Right now, cancer is one of the most feared diseases in the world. In
the early 1990s almost 6 million new cancer cases developed and more than 4
million deaths from cancers occurred. Also more than one-fifth of all deaths
were caused by cancer and it has been predicted, by the American Cancer Society,
that about 33% of Americans will eventually develop this disease. This is a huge
disease that is killing people all over the world.
The field of cancer study is called Oncology. The government has spent
billions of dollars on research of this fatal disease. Cancer is the most
aggressive disease of a larger class known as neoplasms. Neoplasms do not fully
comply with the parts of the cell that control the growth and functions of the
cell. These cells eventually become abnormal growths and can be recognized as
not normal tissue. These traits are passed down as the cell reproduces therefore
spreading the cancer.
Neoplasms are generally classified into two groups: malignant and benign.
Malignant tumors, or abnormal tissue, grow more rapidly than benign tissue and
they invade normal tissue. Benign tissue is structured similar to normal tissue
while malignant tissue is abnormal and has an unstructured appearance. Of
greater importance, benign tissue does not metastasize, or begin to grow in
other sites, like malignant tumors do. Cancer always refers to metastasized
tumors but the term tumor is not always necessarily cancer. A tumor is any
living tissue that is distinguishable as abnormal living tissue. After a
cancer forms, it can also change from a benign to a malignant state, therefore
making the cell grow at a more rapid rate. The development of the cell starts
when it forms notable abnormalities in chromosomes and then multiplies
exceedingly. Then metastasis usually occurs and generally causes the death of
the host. There are many different cancers which form on just about all parts of
the body. In the US, skin cancer is the most common cancer, then prostate
cancers in males, and then breast cancer in women. Leukemia is clearly the
dominant cancer in children. The number one killing cancer in the world today is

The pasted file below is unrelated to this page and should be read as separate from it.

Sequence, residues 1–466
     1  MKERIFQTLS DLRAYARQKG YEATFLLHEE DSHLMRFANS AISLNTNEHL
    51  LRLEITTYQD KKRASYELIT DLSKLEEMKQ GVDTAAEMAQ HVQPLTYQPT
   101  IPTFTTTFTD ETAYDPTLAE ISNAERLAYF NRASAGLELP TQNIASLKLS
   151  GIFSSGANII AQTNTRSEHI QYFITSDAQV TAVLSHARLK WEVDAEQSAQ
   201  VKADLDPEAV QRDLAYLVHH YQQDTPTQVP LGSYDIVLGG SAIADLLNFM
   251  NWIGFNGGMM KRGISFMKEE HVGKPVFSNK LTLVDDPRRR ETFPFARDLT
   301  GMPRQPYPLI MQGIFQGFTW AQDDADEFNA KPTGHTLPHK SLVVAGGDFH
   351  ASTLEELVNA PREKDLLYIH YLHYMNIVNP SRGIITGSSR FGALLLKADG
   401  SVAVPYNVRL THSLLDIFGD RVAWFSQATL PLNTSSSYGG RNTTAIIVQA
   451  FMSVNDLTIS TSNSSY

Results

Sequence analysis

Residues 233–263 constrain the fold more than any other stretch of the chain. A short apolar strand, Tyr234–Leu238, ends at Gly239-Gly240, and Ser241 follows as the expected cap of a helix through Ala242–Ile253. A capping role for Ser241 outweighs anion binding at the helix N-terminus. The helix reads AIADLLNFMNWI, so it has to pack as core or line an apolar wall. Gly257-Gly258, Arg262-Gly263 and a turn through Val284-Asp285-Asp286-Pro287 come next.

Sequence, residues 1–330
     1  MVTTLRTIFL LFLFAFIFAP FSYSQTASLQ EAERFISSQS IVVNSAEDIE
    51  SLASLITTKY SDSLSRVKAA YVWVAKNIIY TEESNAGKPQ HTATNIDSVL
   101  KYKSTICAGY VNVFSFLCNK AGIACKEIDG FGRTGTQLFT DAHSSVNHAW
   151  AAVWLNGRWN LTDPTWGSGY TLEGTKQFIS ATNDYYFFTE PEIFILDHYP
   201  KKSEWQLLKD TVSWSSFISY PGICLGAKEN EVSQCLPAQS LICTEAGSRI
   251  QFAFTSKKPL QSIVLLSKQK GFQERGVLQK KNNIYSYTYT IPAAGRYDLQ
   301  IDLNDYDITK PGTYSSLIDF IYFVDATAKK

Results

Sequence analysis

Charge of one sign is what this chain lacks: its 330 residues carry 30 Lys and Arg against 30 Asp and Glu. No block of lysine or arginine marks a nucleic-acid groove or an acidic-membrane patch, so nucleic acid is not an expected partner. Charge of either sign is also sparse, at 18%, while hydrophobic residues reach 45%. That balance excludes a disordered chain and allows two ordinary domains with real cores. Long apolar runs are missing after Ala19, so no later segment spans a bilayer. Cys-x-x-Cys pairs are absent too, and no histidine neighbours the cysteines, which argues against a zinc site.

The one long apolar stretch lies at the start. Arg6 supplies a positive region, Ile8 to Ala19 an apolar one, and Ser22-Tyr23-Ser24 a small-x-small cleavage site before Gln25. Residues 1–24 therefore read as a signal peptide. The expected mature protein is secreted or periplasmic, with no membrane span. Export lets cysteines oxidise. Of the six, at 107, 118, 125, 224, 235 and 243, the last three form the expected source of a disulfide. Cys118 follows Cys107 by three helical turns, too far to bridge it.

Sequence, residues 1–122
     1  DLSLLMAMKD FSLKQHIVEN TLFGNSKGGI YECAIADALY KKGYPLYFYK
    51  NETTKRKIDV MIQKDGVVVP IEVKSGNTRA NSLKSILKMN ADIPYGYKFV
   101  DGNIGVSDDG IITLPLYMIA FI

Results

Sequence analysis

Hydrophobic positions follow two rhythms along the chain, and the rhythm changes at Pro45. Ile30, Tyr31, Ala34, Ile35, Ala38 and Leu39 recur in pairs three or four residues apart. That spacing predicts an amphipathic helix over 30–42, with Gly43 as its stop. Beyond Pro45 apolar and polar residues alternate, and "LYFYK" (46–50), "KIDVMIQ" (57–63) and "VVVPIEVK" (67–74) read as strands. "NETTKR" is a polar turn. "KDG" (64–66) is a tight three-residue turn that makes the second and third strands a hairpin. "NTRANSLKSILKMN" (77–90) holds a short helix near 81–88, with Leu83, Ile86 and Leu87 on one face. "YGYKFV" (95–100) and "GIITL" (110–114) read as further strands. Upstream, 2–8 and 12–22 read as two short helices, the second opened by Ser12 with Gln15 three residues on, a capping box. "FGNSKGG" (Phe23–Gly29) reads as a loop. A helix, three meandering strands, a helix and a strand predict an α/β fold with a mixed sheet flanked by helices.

lung cancer, mostly caused by the smoking of cigarettes. Some researchers have
stated that if Americans stopped smoking, lung-cancer deaths could disintegrate
within two decades. Stomach cancer is the second most fatal cancer in males and
Third is the leading cancer in women, breast cancer. The prevention of
cancer rides upon what is known about the causes. Any agent that causes cancer
is called a carcinogen. Carcinogens are generally classified into three groups-
chemical, biological, and physical. Chemicals that cause cancer have many
different molecular structures and can be just about any type of chemical. Some
substances that cause cancer are complex chemicals and gases, certain metals,
drugs, hormones, substances in molds and plants and many more. Many
nitrosamines, or simple organic oxides of nitrogen, are carcinogenic. That and
hydrocarbons are carcinogens in cigarette smoke and increase the risk of lung
cancer. Also another chemical gas, vinyl chloride, gas has been found to be an
agent of sarcoma of the blood vessels in the liver. Many drugs as well as
alkylating agents used to treat cancer are carcinogenic. Even though these
chemicals break the DNA of cancerous cells, which kills them, it also induces
cancer in normal cells. Some hormones created in humans can also cause cancer.
High levels of estrogen, which is marked as a female hormone, can increase the
chances of getting a cancer of the uterus (in women). Aflatoxin B is a substance
produced by the mold Aspergillus that causes a number of cancer, but generally
liver cancer. Many carcinogens have not been discovered but research is being
done to discover other carcinogens to keep people aware and safe. There are also
many different biological agents which cause cancers. The most common biological
agents are the oncogenic viruses that commonly bring about the formation of
neoplasms in some smaller animals. Also some of these viruses are thought to
cause human cancers, and one has even been proven to cause leukemia. These
viruses can be split into DNA viruses and RNA viruses, depending on their
genetic structure. The DNA viruses generally insert the genetic information
straight into the cells of their host. The RNA virus, contrasting, requires that
the genetic information be transcribed into DNA by an enzyme, called reverse
transcriptase, provided by the virus. All onconogenic viruses have one or more
genes that are needed for the transformation of the infected cell into the
neoplastic cell. These genes, called oncogenes, are best portrayed in the
genomes of oncogenic RNA virus. It is now seen that